Sue Draheim: Widely admired folk violinist


There are all kinds of musicians. Sue Draheim fell into the category of team player. As a fiddler, she straddled the folk scenes of her homeland and the British Isles, as no other US-born, UK-based fiddler has since Tom Paley in the 1960s. During a burst of activity in the 1970s she added American-style fiddle colour to British sessions for musicians of the calibre of Wizz Jones, John Martyn and Richard Thompson and joined the Albion Country Band and the John Renbourn Group. Despite calling "the music and tunes of the British Isles" her "greatest musical love", in the United States she blazed a still brighter trail.

In February 2011 El Cerrito-based Arhoolie Records celebrated a half-century in the business with a birthday bash at the nearby Freight & Salvage Coffeehouse. Over three days, a line-up of label-linked acts performed. Among them were Toni Brown and Terry Garthwaite, Ry Cooder, Country Joe McDonald, The Savoy-Doucet Cajun Band and Taj Mahal.

Also on the bill was the Any Old Time string band, which featured Sue Draheim on violin. It was she who had originally been elected to approach Arhoolie head Chris Strachwitz about recording them. "We were all women," recalls Kate Brislin in the commemorative 4-CD hardback set from those Berkeley concerts, They All Played for Us (2012), "and although we didn't think about the women's aspect of it at the time, it probably made us more popular than we would have been otherwise."

Sue Draheim had been born in 1949 in Oakland. As a nine-year-old she gravitated to the violin under the influence of Fritz Kreisler and "the violinist on The Lawrence Welk Show." By July 1968, as part of Berkeley's psychedelised Colby Street scene and as a member of Dr Humbead's New Tranquility String Band and Medicine Show, she was on the bill of the 11th Berkeley Folk Festival, headlined by Quicksilver Messenger Service, Howlin' Wolf, Joan Baez and Jesse Fuller. In February 1970 she recorded for the Mike Seeger-directed anthology Berkeley Farms: Oldtime and Country Style Music of Berkeley (1972). By the time Folkways issued it, she was far away.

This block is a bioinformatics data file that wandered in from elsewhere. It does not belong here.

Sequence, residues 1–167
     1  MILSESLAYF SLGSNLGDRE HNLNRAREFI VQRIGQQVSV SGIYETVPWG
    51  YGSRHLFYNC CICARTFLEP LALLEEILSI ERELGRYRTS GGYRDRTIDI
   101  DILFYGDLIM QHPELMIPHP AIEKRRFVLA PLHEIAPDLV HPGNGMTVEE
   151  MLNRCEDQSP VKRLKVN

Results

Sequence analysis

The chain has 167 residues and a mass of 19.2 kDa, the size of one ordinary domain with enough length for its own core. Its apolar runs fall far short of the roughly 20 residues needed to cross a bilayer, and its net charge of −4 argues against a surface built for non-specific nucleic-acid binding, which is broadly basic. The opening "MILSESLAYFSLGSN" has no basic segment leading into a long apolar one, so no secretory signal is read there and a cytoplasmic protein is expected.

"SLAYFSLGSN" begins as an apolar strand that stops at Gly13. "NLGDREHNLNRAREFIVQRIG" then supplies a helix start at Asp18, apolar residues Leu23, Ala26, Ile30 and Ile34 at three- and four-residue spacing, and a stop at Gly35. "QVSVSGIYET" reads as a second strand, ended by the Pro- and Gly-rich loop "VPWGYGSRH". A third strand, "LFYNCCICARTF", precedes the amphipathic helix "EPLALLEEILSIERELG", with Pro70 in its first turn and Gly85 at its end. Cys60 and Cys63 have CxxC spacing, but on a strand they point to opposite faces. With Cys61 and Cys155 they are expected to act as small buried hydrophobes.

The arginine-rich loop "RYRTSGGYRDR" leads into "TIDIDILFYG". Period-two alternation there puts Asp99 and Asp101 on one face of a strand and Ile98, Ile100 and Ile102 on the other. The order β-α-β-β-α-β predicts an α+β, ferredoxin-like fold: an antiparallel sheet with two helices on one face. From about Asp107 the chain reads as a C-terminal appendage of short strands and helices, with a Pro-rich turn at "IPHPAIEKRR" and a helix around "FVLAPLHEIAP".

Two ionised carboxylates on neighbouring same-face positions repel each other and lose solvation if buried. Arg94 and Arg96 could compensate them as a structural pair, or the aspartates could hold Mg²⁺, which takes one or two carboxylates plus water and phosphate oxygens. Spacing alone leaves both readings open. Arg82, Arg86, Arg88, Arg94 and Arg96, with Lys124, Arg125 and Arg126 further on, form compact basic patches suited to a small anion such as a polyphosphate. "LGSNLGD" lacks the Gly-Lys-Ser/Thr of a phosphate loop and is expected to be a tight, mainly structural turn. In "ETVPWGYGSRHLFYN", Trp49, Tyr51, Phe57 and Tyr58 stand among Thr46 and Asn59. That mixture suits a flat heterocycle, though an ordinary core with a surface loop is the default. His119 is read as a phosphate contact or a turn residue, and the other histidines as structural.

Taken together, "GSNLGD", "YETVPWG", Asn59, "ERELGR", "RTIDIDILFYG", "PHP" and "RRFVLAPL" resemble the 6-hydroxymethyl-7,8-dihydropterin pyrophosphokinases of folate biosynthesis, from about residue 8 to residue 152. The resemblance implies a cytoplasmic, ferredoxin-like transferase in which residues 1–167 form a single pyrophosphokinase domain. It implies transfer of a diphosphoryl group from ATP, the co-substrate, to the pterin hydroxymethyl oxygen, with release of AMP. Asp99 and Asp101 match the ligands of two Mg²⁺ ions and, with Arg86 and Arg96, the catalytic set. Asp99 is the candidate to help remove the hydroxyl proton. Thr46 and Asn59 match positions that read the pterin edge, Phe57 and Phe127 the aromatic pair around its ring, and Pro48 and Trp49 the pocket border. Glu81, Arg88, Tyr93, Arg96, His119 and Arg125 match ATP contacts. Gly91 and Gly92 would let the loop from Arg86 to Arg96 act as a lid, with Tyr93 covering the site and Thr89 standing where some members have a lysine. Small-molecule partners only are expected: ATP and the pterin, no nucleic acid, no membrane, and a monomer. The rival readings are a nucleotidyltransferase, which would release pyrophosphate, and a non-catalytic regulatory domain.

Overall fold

In the summer of 1970 she won first prize at the fiddlers' convention at Galax, Virginia. "The Peeler Creek Waltz" appeared on Blue Ridge Mountain Field Trip (1970) on the UK-based Leader label. Later that year in England, it proved a calling card of sorts. Aside from absorbing the Co Clare style of fiddle playing – much to the delight of uilleann pipes maestro Willie Clancy – Draheim brought an Americanness and a lightly worn English and Irish dimension to session work. Her egoless playing behind "Poor Ditching Boy" on Richard Thompson's solo debut, Henry the Human Fly (1972), complements his then less-than-sure vocal delivery.

The great violinistic chameleon that she was, she added colour to "Over the Hill" on John Martyn's Solid Air (1973) and Wizz Jones's Right Now (1972). By then, she had fallen in with Ashley Hutchings' Albion Country Band, but left before they recorded. After them, she joined the John Renbourn Group for five years, debuting on Renbourn's Faro Annie (1971), and touring in France, Germany, Denmark and the Netherlands, then recording A Maid in Bedlam (1977) with them.

Shortly after she returned to the Bay Area and joined Any Old Time. With its eclectic repertoire drawing on the Six and Seven-Eights [sometimes spelled Eighths] String Band of New Orleans, Bing Crosby, Joseph Spence and the Pinder Family – a chance for Draheim to put down the fiddle and sing alto – and the Girls of the Golden West, they would make two remarkable albums: Any Old Time String Band (1978) and Ladies Choice (1980), together reissued as I Bid You Goodnight (1996).

Another notable session was with Jody Stecher, David Grisman and John Cohen, captured on Cohen's Stories the Crow Told Me (1998). A versatile and pragmatic musician, she played with folk groups like Golden Bough, Tempest and Caliban, the Western Opera Theater and the Lamplighters light-opera company. She had a rare gift for creating understatedly perfect, unobtrusively essential violin parts.

After graduating from Berkeley's California School of Professional Fabric Design (2006-2010), in 2011 she moved to Kentucky, where, aside from playing contra dances with Sea Change, she pursued a parallel career in textile and surface pattern design. She is survived by her partner, Wayde Blair.

Susan Ann Draheim, musician: born Oakland, California 17 August 1949; died Berea, Kentucky 11 April 2013.

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